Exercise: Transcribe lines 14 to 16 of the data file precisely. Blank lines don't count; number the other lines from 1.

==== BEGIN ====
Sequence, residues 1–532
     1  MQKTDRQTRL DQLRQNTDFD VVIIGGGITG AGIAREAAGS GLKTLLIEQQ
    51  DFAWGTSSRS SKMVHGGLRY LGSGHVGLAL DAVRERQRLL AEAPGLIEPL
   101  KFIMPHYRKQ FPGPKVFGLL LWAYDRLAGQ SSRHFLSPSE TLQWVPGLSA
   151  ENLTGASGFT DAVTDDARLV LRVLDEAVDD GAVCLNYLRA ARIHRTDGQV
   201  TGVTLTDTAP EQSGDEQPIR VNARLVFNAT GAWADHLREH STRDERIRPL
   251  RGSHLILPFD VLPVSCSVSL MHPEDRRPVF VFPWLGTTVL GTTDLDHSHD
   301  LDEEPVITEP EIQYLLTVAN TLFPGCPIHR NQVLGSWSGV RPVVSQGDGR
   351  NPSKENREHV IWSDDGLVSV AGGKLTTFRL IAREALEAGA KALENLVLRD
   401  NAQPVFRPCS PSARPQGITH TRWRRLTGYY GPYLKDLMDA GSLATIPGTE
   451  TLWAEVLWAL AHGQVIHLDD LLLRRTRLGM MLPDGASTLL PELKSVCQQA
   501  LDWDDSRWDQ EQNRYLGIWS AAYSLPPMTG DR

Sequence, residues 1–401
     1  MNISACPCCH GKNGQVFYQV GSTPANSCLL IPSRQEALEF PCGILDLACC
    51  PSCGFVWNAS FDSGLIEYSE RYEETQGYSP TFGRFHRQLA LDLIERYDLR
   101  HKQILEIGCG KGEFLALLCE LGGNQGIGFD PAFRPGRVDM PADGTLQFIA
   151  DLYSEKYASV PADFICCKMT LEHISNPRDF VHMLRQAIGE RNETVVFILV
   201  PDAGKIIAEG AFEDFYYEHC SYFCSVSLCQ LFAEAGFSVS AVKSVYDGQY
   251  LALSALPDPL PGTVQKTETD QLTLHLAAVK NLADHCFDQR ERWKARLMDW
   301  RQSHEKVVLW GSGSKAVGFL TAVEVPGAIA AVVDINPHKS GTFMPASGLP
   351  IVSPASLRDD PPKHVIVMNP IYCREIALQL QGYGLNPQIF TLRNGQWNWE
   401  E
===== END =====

     1  MNISACPCCH GKNGQVFYQV GSTPANSCLL IPSRQEALEF PCGILDLACC
    51  PSCGFVWNAS FDSGLIEYSE RYEETQGYSP TFGRFHRQLA LDLIERYDLR
   101  HKQILEIGCG KGEFLALLCE LGGNQGIGFD PAFRPGRVDM PADGTLQFIA